What happens in different groups will vary but most groups find ways to share experiences, discuss problems, and support one another. Many groups will ask different members to lead discussions and participate in exercises around identity development and self-reflection. At times groups may engage in educational opportunities to learn more about their shared identity—this may include a group read, a guest speaker, and group trips. Additionally, some groups may choose to educate the community on particular customs or celebrations throughout the year.
  • What is an affinity group at St. Luke’s School?

    Affinity groups, in contrast to clubs, are formed to support groups that are or might be marginalized at St. Luke’s due to being in the minority or historically under-represented school population. They are brave spaces that provide stimulating opportunity, during school hours, for students in underrepresented groups to support and validate each other, to express themselves, and to understand the shared values that unite them with the entire school community.

    Connection through affinity groups is one way we can support all community members in their desires to bring their whole, authentic selves to school.
     
  • Can I participate in more than one affinity group?

    Yes. It is entirely possible for people to identify with more than one group and there is no need to limit participation if your schedule allows multiple commitments.
  • Shouldn’t we have dialogues about our differences all together rather than in separate groups?

    There are many opportunities for members of the St. Luke’s community to have dialogue across differences--indeed, these conversations happen both formally and informally every day. Affinity spaces work toward the same goal of intergroup dialogue and understanding but from a different angle. The language of “windows and mirrors” can be helpful here. Conversations across differences can provide windows for each of us into another person’s experience and identity. Conversations in affinity spaces can provide a mirror, a chance for a person in an underrepresented or marginalized group to remember that they are not alone. The group can be a space for members to engage in conversation without needing to explain everything in a way that translates their experiences. We all know how good it feels to be understood. Of course, sharing a single identity--such as race--does not mean every member of that affinity group will think or feel the same way; and similarly, we can find “mirrors” with people who are quite different from us. Ultimately, being part of an affinity group can give a person with a marginalized identity the support and strength needed to engage more fully with intergroup dialogue.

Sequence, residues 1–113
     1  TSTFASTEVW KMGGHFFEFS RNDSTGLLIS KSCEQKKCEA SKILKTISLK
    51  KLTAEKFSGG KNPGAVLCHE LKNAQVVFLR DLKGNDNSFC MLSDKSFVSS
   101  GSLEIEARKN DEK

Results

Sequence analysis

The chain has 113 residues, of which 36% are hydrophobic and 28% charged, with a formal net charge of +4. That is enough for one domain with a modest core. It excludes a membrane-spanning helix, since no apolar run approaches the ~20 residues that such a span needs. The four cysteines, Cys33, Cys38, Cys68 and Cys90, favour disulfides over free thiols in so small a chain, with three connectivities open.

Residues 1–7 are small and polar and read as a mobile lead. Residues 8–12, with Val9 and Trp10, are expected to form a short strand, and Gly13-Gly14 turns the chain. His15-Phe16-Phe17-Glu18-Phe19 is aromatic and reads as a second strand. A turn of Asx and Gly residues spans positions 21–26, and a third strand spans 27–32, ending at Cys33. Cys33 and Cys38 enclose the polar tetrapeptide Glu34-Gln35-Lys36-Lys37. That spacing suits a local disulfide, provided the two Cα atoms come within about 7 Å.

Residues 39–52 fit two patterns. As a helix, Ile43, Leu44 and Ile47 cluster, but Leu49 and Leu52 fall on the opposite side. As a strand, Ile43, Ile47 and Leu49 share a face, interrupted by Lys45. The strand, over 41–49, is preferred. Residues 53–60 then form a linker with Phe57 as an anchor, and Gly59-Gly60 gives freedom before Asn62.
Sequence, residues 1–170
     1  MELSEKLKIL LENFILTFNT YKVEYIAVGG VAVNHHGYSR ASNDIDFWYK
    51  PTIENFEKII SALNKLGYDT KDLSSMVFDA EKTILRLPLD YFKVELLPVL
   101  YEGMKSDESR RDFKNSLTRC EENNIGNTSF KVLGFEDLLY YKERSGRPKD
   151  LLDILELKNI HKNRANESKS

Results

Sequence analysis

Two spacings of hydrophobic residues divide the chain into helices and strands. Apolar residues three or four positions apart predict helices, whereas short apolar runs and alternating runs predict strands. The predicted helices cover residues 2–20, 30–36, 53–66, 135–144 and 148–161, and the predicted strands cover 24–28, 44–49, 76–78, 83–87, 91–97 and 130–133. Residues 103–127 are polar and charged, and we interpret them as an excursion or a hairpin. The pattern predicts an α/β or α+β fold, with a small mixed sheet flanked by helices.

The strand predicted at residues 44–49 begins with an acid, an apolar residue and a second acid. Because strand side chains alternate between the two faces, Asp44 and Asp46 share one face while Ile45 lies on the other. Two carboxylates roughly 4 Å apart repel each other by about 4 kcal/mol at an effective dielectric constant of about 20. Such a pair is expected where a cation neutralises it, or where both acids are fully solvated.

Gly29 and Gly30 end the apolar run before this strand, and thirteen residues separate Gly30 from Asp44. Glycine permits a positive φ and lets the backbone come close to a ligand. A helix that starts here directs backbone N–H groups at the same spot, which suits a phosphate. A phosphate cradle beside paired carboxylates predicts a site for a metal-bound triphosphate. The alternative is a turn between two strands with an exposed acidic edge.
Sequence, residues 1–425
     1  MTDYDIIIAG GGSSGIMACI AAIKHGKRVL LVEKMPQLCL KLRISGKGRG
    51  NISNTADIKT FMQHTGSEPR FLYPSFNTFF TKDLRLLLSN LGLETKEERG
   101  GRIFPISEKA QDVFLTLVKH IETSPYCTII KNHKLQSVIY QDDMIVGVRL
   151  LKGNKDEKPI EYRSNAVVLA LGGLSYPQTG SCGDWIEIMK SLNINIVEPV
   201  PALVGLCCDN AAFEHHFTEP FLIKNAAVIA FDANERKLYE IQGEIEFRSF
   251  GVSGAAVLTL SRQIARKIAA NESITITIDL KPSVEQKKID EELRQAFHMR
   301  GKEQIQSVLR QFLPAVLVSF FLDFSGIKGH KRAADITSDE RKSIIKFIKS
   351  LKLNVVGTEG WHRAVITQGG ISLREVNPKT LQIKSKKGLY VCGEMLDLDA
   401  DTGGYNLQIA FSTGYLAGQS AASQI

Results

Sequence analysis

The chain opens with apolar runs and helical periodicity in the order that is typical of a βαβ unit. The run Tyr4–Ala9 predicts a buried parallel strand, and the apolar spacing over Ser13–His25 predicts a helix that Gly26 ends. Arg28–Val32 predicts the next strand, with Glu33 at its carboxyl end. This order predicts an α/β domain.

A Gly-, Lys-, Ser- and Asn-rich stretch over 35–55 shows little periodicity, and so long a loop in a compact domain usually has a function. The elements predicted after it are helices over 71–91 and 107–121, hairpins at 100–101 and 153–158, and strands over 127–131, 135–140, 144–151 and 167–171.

• I already know what it means to be xxx. Could I hear what the yyy folks are saying?

    People from marginalized groups have historically been asked to bear the burden - and the frustration - of being expected to “teach” majority folks what we don’t know (but could learn ourselves), or to represent an entire community’s perspective (rather than just their own). A key function of affinity groups is to lift those burdens, freeing up time and energy that might otherwise need to be spent on bridging understandings to experiences that are not commonly shared, or that might be artificially limited for fear of offending or misunderstanding. If you’re looking for a way to understand another’s experience, our recommendation is to build genuine relationships and ask questions from a place of humble curiosity.
  • What are the benefits of affinity groups?

    We believe Affinity Groups advance our mission by helping to create an environment where everyone feels supported and able to thrive. The support offered by these groups can improve the St. Luke’s experience and encourage students and adults to become empathetic, confident leaders. 

    Affinity groups promote diversity and inclusion by creating spaces—free of judgement and constriction— for members to connect, share experiences and resources, and identify successes and challenges. This connection can be powerful and comforting. All of us can relate to how important it is to feel we are not alone; there are others who understand how we experience school and the world.